Chapman University science and engineering student researchers show that large population growth in California’s wildland-urban interfaces — the once-open areas between the wilderness and land development — increases the likelihood of wildfires at residents’ doorsteps.
Contra Costa, Alameda and Riverside counties grew the most, placing more people and their homes at risk.
The research is now influencing how firefighters anticipate and respond to the spread of wildfires in regions with such expansions at the edge of wildlands, after the students presented their findings at the 2022 Fire and Climate Conference. More than 250 firefighters, public health officials and land managers attended the international gathering.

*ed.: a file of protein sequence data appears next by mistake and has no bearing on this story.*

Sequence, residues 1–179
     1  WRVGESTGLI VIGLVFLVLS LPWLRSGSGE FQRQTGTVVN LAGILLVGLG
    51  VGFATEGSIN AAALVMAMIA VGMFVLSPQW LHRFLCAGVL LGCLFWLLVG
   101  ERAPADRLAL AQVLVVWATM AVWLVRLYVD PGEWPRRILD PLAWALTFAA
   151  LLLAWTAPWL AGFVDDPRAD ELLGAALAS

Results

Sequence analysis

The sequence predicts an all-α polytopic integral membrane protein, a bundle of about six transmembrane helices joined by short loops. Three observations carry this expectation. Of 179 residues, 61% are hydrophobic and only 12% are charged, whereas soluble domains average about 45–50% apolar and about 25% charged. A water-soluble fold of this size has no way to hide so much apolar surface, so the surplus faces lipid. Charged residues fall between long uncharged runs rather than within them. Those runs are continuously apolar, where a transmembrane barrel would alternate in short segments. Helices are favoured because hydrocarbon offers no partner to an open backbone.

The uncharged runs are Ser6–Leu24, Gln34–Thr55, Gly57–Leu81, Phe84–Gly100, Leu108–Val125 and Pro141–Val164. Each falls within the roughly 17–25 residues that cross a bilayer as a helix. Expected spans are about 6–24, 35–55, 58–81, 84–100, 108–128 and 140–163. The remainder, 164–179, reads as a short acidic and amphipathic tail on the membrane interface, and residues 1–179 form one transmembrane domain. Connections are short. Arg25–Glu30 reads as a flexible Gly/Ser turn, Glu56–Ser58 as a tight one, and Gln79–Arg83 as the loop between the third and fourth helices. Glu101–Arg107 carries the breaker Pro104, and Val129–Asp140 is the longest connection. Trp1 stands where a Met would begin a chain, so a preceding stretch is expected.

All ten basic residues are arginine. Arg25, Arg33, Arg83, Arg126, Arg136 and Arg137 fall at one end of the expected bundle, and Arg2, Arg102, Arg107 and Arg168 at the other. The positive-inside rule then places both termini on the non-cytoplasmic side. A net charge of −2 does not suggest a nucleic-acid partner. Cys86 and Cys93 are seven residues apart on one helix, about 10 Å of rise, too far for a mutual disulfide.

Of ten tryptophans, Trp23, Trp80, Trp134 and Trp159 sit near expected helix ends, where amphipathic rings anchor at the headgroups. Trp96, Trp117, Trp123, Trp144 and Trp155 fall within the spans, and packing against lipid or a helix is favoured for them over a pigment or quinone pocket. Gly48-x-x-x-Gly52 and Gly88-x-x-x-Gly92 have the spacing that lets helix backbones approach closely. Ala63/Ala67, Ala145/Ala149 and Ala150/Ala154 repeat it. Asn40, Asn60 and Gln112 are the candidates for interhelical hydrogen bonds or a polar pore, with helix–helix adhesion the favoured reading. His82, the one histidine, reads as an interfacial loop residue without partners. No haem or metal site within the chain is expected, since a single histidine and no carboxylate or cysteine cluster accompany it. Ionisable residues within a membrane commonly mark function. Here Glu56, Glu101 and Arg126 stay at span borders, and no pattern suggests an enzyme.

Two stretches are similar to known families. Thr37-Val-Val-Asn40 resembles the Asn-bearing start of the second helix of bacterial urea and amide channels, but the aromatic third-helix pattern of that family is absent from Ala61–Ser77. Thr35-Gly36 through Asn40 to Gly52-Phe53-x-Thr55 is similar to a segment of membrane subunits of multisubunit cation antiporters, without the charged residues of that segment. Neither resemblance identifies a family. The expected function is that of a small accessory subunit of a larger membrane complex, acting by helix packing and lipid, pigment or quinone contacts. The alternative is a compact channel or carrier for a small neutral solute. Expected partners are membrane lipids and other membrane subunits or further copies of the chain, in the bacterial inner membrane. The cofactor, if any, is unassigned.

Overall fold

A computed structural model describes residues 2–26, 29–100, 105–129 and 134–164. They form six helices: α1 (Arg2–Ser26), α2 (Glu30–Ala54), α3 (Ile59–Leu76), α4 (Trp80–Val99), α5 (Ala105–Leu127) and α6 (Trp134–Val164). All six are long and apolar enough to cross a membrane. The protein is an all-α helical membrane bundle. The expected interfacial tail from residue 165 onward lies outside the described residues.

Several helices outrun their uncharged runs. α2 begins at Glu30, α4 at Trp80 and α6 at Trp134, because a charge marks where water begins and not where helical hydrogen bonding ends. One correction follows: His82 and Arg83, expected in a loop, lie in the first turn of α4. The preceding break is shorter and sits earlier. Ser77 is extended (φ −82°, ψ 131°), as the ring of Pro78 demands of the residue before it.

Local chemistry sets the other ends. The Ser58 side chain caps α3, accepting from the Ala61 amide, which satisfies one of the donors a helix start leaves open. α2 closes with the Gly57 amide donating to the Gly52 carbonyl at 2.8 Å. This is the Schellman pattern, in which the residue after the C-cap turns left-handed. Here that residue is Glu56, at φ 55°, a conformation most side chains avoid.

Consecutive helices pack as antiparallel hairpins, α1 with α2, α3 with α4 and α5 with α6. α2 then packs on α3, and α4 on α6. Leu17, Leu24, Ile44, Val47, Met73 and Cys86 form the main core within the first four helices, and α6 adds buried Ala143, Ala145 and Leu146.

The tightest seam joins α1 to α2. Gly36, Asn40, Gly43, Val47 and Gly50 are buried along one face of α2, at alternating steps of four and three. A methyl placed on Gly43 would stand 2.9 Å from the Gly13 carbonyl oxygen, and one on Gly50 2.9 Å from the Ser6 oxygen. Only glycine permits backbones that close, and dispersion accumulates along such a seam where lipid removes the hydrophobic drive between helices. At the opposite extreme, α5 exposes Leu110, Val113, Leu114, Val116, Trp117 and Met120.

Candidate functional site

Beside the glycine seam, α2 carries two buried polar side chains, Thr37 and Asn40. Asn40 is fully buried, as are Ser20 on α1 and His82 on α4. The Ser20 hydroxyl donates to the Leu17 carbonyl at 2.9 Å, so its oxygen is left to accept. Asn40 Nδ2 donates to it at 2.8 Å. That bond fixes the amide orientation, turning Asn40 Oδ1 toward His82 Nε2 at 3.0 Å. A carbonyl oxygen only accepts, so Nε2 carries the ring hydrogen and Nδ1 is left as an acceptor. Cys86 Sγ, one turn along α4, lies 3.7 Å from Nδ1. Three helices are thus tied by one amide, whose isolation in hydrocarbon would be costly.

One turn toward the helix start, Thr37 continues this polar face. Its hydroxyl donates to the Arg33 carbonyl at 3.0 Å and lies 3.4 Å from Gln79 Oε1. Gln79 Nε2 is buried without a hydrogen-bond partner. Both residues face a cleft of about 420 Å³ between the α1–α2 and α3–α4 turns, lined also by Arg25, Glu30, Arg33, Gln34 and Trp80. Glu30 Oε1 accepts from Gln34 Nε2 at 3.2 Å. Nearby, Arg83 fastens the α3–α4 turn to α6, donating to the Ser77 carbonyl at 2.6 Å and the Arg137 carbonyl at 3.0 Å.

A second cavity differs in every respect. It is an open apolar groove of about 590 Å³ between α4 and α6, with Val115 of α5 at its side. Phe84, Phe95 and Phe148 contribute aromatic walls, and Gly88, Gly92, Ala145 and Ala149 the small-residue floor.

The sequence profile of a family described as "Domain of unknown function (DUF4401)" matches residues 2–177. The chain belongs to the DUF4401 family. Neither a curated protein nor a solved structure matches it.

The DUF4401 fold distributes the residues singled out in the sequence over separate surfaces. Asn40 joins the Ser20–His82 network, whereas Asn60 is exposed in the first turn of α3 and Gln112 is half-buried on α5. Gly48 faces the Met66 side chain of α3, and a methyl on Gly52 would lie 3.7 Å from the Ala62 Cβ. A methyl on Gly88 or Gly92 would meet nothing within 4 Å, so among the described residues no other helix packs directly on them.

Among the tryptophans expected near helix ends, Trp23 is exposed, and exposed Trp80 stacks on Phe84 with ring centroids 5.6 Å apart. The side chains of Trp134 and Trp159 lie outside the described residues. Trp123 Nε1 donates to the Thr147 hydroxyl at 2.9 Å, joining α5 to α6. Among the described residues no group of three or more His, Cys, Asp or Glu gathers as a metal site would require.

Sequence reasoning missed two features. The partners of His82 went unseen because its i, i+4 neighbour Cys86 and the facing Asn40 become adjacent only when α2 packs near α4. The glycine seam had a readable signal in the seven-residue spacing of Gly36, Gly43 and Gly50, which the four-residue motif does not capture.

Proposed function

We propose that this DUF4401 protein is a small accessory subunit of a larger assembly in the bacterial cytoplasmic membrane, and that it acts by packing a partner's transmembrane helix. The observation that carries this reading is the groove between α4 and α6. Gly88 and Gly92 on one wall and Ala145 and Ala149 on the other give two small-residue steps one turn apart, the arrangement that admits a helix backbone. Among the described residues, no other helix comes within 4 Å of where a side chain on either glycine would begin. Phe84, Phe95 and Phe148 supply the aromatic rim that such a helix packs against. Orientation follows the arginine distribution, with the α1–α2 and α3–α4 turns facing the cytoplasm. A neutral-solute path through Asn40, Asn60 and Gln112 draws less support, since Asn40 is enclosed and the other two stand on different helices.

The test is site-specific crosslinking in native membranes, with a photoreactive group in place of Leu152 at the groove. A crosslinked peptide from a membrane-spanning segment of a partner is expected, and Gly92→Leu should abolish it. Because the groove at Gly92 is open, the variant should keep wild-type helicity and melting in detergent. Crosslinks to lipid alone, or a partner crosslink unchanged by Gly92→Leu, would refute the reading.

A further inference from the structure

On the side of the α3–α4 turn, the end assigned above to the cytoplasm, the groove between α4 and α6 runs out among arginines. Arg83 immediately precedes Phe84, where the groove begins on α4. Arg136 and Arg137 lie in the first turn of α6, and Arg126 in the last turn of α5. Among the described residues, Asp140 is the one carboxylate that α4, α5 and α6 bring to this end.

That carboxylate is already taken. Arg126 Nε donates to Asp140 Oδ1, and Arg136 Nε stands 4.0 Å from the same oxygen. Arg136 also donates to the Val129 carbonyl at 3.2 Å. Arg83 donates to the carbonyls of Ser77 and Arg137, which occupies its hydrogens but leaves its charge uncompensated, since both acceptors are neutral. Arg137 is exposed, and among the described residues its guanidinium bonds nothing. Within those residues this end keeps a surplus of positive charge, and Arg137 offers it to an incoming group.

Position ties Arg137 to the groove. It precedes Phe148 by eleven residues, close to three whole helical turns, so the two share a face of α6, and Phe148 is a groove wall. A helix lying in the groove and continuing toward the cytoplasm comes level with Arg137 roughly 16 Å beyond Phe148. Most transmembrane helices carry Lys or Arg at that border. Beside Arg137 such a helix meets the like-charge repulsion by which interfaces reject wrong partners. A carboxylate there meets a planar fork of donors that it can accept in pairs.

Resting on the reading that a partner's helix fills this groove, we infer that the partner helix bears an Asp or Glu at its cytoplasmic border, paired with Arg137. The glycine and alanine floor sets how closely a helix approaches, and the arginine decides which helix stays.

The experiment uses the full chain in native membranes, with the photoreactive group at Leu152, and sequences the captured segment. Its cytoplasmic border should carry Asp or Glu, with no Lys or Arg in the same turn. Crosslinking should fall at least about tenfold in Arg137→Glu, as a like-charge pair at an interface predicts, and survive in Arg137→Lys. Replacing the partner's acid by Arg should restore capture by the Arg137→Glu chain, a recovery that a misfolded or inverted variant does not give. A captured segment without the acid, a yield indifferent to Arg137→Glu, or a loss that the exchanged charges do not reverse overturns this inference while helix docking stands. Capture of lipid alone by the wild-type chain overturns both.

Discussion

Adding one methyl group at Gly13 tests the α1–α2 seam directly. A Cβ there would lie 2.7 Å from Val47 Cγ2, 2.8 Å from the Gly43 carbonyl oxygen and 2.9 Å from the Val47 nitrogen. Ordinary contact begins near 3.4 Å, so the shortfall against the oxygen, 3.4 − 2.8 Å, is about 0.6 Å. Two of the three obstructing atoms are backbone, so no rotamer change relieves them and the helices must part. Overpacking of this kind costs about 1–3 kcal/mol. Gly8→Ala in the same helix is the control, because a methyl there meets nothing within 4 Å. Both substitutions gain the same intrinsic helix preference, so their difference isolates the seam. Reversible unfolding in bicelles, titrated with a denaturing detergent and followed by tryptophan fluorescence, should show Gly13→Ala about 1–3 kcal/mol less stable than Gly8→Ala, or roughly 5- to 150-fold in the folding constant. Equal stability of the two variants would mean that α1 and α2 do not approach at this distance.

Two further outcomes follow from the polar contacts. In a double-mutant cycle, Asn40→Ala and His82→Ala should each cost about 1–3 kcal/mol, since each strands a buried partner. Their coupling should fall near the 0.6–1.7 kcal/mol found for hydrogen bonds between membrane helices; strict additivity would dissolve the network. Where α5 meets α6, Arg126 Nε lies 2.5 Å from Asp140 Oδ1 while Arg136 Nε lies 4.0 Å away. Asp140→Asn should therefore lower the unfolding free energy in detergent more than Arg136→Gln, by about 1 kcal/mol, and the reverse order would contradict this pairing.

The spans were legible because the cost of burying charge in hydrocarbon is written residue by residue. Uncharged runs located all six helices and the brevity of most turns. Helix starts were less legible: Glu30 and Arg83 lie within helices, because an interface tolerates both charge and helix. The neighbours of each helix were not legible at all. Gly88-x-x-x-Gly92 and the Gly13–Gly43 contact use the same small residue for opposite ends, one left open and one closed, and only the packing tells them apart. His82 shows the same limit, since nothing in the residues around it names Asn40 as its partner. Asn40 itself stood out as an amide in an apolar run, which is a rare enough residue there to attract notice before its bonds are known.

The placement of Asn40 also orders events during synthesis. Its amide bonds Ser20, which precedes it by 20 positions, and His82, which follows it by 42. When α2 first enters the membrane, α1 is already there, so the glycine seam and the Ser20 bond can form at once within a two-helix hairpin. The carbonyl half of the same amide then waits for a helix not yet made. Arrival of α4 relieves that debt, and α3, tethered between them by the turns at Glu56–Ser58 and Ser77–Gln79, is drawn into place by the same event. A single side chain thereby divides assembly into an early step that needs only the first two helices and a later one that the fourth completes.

The Chapman student researchers used Census data to determine that nearly one-third of residents living in these intersectional zones experienced continued high population growth. Nearly 13% of California’s total population lives in areas at risk for wildfires like those threatening structures and scorching thousands of acres in Northern California, the Bay Area and near Yosemite National Park.
The increasing pressure from human activities at these intersections stretches over the past decade, said Shenyue Jia, visiting scholar with Chapman’s Institute for Earth, Computing, Human and Observing and mentor for the project.
“Understanding which regions of California’s wildland-urban interfaces have experienced significant population growth over the past decade can identify communities at greater risk of wildfire,” Jia said.
Fowler School of Engineering and Schmid College of Science and Technology students conducted the study for Chapman’s Grand Challenges Initiative.